Gemcitabine-induced cardiomyopathy: a case report and review of the literature

Persistent Link:
http://hdl.handle.net/10150/610190
Title:
Gemcitabine-induced cardiomyopathy: a case report and review of the literature
Author:
Khan, Muhammad; Gottesman, Silvija; Boyella, Ravichandra; Juneman, Elizabeth
Affiliation:
Department of Medicine, Southern Arizona VA Health Care System, 3601 South 6th Avenue (SAVAHCS, 1-11C), Tucson, AZ 85723, USA; Department of Medicine, Division of Cardiology, Southern Arizona VA Health Care System, 3601 South 6th Avenue (SAVAHCS, 1-11C), Tucson, AZ 85723, USA
Issue Date:
2014
Publisher:
BioMed Central
Citation:
Khan et al. Journal of Medical Case Reports 2014, 8:220 http://www.jmedicalcasereports.com/content/8/1/220
Journal:
Journal of Medical Case Reports
Rights:
© 2014 Khan et al.; licensee BioMed Central Ltd. This is an Open Access article distributed under the terms of the Creative Commons Attribution License (http://creativecommons.org/licenses/by/2.0)
Collection Information:
This item is part of the UA Faculty Publications collection. For more information this item or other items in the UA Campus Repository, contact the University of Arizona Libraries at repository@u.library.arizona.edu.
Abstract:
INTRODUCTION:Newly developed antineoplastic drugs have resulted in improvements in morbidity and mortality from many forms of cancers. However, some of these new chemotherapeutic agents have potentially lethal side effects, which are now being exposed with their widespread use. Gemcitabine is a nucleoside analog, which is a commonly used agent for various solid organ malignancies. Phase 1 and 2 trials with gemcitabine did not show significant risk for cardiotoxicity; however, with its widespread clinical use over the last decade, a few cases of cardiotoxicity related to gemcitabine use have been reported. Cardiomyopathy after the use of gemcitabine monotherapy is extremely rare; and only one such case has been reported in detail previously.CASE PRESENTATION:We report a case of a 56-year-old African American man with pancreatic cancer who presented with signs and symptoms of congestive heart failure after being treated with gemcitabine for two cycles (six doses). A two-dimensional echocardiography showed left ventricular ejection fraction of 15 to 20 percent with global hypokinesia. With the absence of significant risk factors for coronary artery disease and a strong temporal relationship with the initiation of chemotherapy, it was concluded that our patient's cardiomyopathy was related to the use of gemcitabine. Gemcitabine was discontinued and our patient responded well to standard heart failure therapy. Two months later, a repeat echocardiogram showed significant improvements in left ventricular systolic function.CONCLUSIONS:Gemcitabine should be considered as a potential cause of cardiomyopathy in patients receiving chemotherapy with this drug. We need further studies to look into potential mechanisms and treatments of gemcitabine-induced cardiac dysfunction.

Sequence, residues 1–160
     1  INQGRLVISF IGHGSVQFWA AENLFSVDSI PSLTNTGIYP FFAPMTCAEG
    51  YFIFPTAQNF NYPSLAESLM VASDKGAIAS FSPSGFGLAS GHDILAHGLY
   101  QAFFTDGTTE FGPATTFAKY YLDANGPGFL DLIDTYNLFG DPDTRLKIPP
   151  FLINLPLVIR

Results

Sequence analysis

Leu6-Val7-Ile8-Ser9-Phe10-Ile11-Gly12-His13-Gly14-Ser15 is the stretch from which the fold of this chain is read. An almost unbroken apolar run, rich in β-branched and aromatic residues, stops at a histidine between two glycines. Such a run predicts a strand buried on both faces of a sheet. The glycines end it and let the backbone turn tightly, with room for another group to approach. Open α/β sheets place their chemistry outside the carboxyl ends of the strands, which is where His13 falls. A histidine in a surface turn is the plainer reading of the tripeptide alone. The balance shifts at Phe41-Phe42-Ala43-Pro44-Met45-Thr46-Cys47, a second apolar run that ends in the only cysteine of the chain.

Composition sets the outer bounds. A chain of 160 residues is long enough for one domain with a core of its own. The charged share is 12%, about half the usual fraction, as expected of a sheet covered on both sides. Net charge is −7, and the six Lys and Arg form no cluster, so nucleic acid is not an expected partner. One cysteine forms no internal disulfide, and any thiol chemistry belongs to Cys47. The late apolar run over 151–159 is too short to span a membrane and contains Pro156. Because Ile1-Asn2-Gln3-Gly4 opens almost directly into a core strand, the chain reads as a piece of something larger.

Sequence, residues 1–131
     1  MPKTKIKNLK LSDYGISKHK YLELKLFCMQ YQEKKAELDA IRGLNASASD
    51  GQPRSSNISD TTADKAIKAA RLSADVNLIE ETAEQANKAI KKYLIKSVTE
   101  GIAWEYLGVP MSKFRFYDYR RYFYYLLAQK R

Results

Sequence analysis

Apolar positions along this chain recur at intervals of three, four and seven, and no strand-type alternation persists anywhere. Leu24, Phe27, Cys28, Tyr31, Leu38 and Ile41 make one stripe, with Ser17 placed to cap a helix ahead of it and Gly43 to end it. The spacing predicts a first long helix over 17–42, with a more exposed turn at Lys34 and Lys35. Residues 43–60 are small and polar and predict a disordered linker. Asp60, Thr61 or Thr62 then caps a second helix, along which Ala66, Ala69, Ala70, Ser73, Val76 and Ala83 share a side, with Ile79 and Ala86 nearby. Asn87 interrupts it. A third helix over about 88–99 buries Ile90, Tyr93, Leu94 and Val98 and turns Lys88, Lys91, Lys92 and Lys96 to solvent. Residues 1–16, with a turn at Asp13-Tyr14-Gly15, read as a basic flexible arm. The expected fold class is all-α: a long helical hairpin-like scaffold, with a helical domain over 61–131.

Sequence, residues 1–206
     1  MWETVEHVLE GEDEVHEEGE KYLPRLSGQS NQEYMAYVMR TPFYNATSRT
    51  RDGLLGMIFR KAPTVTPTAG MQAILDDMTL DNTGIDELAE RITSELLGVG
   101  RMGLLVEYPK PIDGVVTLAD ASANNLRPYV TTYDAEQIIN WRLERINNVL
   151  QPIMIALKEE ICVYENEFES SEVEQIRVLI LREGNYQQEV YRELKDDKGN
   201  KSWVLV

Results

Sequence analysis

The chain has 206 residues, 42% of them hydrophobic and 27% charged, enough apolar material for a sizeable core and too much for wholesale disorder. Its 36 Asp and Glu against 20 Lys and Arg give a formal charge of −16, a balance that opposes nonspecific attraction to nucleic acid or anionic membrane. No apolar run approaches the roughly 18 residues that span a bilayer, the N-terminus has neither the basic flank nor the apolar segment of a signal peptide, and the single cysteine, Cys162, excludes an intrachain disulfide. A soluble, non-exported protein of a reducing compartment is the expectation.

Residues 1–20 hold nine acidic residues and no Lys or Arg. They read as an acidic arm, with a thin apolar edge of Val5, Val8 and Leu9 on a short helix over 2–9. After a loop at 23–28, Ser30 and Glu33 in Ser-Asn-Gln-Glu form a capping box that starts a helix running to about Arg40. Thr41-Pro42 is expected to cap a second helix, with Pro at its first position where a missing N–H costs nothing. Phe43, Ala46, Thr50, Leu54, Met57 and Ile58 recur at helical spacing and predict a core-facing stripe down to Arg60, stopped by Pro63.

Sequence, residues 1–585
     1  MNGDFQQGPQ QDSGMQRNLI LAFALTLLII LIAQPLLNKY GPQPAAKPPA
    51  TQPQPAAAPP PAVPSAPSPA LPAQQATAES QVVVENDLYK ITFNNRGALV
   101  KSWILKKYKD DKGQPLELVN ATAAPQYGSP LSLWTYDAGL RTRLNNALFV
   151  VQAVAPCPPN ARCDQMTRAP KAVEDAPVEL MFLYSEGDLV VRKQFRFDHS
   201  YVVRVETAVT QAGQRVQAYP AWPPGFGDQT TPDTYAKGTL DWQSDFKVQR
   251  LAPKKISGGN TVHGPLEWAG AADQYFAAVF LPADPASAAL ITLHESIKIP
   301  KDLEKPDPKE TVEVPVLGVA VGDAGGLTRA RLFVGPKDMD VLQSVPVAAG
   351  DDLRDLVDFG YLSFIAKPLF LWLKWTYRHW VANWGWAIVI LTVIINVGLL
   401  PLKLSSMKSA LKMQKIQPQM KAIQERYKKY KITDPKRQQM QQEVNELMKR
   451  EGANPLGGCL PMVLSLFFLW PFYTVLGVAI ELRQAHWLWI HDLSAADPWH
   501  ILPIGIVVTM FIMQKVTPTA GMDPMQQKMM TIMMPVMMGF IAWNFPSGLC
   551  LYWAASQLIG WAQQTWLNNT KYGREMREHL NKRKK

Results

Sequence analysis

EISSN:
1752-1947
DOI:
10.1186/1752-1947-8-220
Keywords:
Gemcitabine; Cardiomyopathy; Cardiotoxicity
Version:
Final published version
Additional Links:
http://www.jmedicalcasereports.com/content/8/1/220

Full metadata record

DC FieldValue Language
dc.contributor.authorKhan, Muhammaden
dc.contributor.authorGottesman, Silvijaen
dc.contributor.authorBoyella, Ravichandraen
dc.contributor.authorJuneman, Elizabethen